The Goods and Services Tax Council will meet on May 18-19 to finalise various rules involved with implementing the new tax regime in the country, including on issues like input tax credit, valuation norms, composition and transition provisions, among others. What remains to be done between now and the final rollout? Here’s a lowdown.
What has been done so far?
The GST Council has met 13 times to finalise the minutiae of the five laws that will help bring the new tax regime to reality. Four of these laws have been cleared by the Union Cabinet and passed by Parliament. The fifth, the State GST law, needs to be passed by the legislative assemblies of each state and union territory with legislature. The Council still has to finalise the rules and rates of individual products and services.
Where is clarity needed?
According to experts, the draft rules that will be finalised during the upcoming Council meeting do not as yet address key operational issues that directly affect vendors, distributors, and service providers. These issues include the place of supply rules for service companies. Clarity on this will determine whether a service has been provided on an inter-state or intra-state basis, which in turn will determine whether the Integrated GST tax will apply.
Another major issue is the treatment of cases where the billing address is different from the shipping address. Since most companies have so far configured their ERP programs to incorporate GST as a destination-based tax, there is no clarity as yet in the rules as to what happens if the destination of the goods or service is different from where the bill is to be made. For example, if a company places an advertisement in the Mumbai edition of a Delhi-based newspaper, it can be billed in Mumbai only if the paper can show that it has an establishment in Mumbai and can print invoices there. Else, it will be billed to Delhi. Industry associations have sought for greater clarity on such issues from the government.
Another issue is the e-waybill, required for the transport of goods across the country. The e-waybill has to be accepted by the seller, transporter, and recipient for the transaction to be closed as far the GST Network is concerned. Tax experts say that the reconciliation of waybills is currently a big problem, with the recipient usually failing to accept the waybill, leaving the transaction incomplete. The e-waybill system will require a big change in behaviour for it to work, they say.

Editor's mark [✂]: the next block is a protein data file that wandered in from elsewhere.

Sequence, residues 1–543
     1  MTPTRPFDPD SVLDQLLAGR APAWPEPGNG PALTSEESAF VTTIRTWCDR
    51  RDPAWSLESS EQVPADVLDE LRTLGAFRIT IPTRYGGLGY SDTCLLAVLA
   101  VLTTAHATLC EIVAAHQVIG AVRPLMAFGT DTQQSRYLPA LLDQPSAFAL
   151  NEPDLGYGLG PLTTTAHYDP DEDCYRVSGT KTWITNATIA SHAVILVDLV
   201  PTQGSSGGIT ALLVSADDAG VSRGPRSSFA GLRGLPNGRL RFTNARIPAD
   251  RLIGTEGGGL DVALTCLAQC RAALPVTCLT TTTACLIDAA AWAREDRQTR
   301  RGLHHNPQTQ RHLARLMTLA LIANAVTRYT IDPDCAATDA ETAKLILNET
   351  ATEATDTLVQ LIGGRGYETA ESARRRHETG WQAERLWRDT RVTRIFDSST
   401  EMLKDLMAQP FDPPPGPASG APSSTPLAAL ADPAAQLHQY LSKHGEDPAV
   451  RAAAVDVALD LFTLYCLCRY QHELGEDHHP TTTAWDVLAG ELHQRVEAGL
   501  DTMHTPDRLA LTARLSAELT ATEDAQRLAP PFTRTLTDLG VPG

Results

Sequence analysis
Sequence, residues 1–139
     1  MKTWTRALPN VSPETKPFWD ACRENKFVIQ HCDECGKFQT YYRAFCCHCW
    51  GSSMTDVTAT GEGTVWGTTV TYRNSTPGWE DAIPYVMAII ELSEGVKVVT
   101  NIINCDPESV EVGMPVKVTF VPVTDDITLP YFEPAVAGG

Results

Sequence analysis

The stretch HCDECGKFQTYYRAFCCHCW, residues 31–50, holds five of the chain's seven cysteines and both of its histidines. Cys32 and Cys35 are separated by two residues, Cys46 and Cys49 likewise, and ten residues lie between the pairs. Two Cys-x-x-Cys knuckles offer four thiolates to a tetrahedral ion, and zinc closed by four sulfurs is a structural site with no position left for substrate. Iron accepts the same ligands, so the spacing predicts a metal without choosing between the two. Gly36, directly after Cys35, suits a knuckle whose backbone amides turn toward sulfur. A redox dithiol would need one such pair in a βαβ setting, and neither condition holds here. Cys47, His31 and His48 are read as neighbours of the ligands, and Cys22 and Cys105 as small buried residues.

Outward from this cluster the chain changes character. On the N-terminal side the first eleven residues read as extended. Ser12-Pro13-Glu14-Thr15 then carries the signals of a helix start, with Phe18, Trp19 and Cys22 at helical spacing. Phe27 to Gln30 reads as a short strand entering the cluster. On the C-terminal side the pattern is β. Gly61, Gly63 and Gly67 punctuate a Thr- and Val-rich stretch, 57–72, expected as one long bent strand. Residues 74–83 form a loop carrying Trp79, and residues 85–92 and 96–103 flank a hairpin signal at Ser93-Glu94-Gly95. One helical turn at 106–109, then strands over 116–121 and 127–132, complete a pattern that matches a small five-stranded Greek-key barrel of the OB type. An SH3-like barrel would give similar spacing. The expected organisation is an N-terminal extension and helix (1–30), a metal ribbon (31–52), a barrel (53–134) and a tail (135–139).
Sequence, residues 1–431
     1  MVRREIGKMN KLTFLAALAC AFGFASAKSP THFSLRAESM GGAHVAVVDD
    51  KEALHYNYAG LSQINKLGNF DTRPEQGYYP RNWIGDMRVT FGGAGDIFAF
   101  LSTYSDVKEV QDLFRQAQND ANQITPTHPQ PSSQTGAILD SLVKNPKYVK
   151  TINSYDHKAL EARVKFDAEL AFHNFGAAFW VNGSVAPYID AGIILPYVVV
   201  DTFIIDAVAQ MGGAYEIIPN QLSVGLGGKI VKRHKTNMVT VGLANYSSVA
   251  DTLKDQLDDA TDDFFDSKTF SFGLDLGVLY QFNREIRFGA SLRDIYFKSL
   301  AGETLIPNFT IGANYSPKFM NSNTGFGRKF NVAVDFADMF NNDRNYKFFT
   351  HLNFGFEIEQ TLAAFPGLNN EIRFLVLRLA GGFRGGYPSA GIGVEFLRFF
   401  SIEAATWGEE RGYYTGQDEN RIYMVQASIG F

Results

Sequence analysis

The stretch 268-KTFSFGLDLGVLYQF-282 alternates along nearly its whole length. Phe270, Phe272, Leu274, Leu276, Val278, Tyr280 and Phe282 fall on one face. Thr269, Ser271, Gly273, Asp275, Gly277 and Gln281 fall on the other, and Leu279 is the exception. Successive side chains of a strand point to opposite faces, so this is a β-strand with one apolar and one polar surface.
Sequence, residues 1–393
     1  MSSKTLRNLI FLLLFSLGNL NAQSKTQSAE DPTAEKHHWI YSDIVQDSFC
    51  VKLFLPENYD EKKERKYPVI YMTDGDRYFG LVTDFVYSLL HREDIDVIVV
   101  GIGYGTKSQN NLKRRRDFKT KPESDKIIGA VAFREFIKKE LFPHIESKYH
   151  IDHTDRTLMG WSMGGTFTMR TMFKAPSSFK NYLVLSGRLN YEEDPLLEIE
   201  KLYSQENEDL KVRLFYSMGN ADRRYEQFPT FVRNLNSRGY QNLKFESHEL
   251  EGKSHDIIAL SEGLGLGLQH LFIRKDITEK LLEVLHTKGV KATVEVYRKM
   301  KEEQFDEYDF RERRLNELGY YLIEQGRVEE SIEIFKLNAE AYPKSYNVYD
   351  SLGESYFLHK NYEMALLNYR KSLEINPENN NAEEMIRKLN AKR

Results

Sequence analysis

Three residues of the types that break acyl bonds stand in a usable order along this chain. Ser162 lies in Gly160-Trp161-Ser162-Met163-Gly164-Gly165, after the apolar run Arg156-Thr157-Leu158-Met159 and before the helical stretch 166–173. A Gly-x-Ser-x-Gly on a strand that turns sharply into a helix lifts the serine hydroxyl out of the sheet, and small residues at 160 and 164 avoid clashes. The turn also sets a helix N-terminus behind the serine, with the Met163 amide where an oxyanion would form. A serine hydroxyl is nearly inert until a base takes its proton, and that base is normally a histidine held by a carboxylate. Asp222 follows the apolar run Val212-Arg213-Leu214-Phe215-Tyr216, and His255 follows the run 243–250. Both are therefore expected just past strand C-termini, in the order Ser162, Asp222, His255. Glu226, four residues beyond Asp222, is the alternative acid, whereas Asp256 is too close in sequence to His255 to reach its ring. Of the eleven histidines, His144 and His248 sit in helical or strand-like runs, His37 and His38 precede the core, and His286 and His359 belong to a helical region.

A larger issue is that incorporating GST will require SMEs to overhaul and computerise their systems, since even dealing with the Harmonized System of Nomenclature (HSN) codes for individual products will require a computer. The codes are up to 10 digits in length. The first four define the category and the subsequent digits specify the exact product. For example, Lay’s chips and Kurkure could have the same first four digits, but subsequent digits would be different. Such an overhaul of systems and the implementation of a new ERP system takes time. Industry players are complaining that with the rules only being decided upon on May 18-19, they will be able to finalise their software only by the first week of June, leaving barely any time for testing.
When can we expect tax rates to be made public?
The tax rates are not likely to be made public in the next meeting of the GST Council. Experts working on ERP systems say that there is no great urgency on this count, because the numbers can simply be plugged into the software as and when they are known without having to change the coding itself. The rules are more critical in that respect.
Also, revealing the rates too early may lead to people hoarding goods that are likely to become more expensive under GST due to higher tax incidence. However, knowing the tax rates of individual items could greatly help companies in their procurement decisions for the July-September quarter.